“According to news reports, the classified section charges that there were ties between the hijackers and two Saudis, Omar al-Bayoumi and Osama Bassnan, who had financial relationships with members of the Saudi government. Saudi officials deny that their government was in any way linked to the attacks. The Saudis have asked that the pages be declassified so they can refute them, but President Bush has refused.”
Moussaoui’s testimony is problematic for both the U.S. and Saudi governments. Ever since Richard Nixon was president, the Saudis have maintained a close relationship with every president who’s occupied the White House. They even used that access to fly out members of the Saudi royal family and the bin Laden family when the FAA grounded all commercial and private flights (including flights for both former president Bill Clinton and former vice president Al Gore). These flights were granted permission to leave, and despite the potential for the two dozen members of the bin Laden family aboard those flights to provide invaluable information about where Osama bin Laden was hiding or the depth of his network, those family members were never interviewed by the FBI.
Even though the Saudi embassy maintains that they had nothing to do with 9/11, and that Moussaoui is a “deranged criminal” whose statements lack any credibility, U.S. courts found him mentally competent to stand trial. It’s likely that as long as Moussaoui keeps talking, public pressure for justice for 9/11 victims will only build.
Saudi Royalty: the Koch Brothers of Islamic Fundamentalism
Since the cheap-oil-for-unconditional-support deal with Saudi Arabia was struck in the mid-1970s, the U.S. government has willingly looked the other way at the Saudi royal family’s funneling their wealth to radical Islamists around the world. A 2003 U.S. News and World Report cover story by David Kaplan, Monica Ekman, and Aamir Latif explores how the Saudi royal family poured over $70 billion between 1975 and 2002 into spreading fundamentalist Wahhabi Islam around the world in an effort to counter Iran’s efforts. To put that in perspective, $70 billion is roughly 87 percent of the combined net worth of David and Charles Koch. Of that $70 billion, Kaplan writes:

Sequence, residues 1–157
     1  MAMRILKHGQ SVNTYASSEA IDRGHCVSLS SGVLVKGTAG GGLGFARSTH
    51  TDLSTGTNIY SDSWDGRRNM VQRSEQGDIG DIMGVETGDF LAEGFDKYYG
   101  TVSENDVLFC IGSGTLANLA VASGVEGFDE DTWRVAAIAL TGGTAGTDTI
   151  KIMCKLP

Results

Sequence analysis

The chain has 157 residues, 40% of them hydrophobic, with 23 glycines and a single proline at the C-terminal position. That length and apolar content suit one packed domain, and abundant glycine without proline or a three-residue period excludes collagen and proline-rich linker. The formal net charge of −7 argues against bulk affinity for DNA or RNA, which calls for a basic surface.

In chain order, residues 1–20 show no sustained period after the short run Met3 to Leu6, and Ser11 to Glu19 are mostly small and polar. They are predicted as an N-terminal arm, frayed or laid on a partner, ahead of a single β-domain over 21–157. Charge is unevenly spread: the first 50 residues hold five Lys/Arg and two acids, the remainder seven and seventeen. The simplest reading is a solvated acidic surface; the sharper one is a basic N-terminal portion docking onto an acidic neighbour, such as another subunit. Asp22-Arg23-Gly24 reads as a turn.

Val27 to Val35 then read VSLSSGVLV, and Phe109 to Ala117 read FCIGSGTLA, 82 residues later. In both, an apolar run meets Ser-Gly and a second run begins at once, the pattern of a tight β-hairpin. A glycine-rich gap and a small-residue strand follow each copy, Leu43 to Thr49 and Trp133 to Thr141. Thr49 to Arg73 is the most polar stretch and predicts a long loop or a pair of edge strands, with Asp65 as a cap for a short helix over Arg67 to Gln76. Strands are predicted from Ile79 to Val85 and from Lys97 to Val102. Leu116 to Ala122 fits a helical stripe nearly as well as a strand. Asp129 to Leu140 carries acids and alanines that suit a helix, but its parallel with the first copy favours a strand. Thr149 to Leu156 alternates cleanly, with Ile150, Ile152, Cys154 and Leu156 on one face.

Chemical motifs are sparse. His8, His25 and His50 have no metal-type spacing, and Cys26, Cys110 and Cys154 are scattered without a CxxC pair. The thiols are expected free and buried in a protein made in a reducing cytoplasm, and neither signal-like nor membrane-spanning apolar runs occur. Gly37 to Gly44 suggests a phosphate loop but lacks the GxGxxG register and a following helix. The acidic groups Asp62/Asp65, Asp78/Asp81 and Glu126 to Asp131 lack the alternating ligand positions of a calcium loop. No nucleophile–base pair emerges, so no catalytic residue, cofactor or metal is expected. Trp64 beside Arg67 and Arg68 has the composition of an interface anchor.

“More than two thirds of that amount went to “Islamic activities” – building mosques, religious schools, and Wahhabi religious centers, says the CSP’s Alex Alexiev, a former CIA consultant on ethnic and religious conflict. The Saudi funding program, Alexiev says, is “the largest worldwide propaganda campaign ever mounted” – dwarfing the Soviets’ propaganda efforts at the height of the Cold War. The Saudi weekly Ain al-Yaqeen last year reported the cost as “astronomical” and boasted of the results: some 1,500 mosques, 210 Islamic centers, 202 colleges, and nearly 2,000 schools in non-Islamic countries.”
To understand how the Saudi royal family has funded the growth of the global jihad movement over the last few decades, the Koch Brothers are a great example. The Kochs have long used their vast network of charities and nonprofits with innocuous-sounding names like the American Legislative Exchange Council, Americans for Prosperity, and the State Policy Network to push through their agenda of cutting social safety net programs in exchange for lower taxes and fewer regulations for big business. Just like the Kochs, the Saudis make funding available for Islamic extremists through various quasi-official nonprofits and charities. Kaplan writes:
“Key to this evangelical tour de force were charities closely tied to Saudi Arabia’s ruling elite and top clerics. With names like the Muslim World League and its affiliate, the International Islamic Relief Organization, the funds spent billions more to spread Wahhabism. The IIRO, for example, took credit for funding 575 mosques in Indonesia alone … U.S. officials now say that key charities became the pipelines of cash that helped transform ragtag bands of insurgents and jihadists into a sophisticated, interlocking movement with global ambitions.”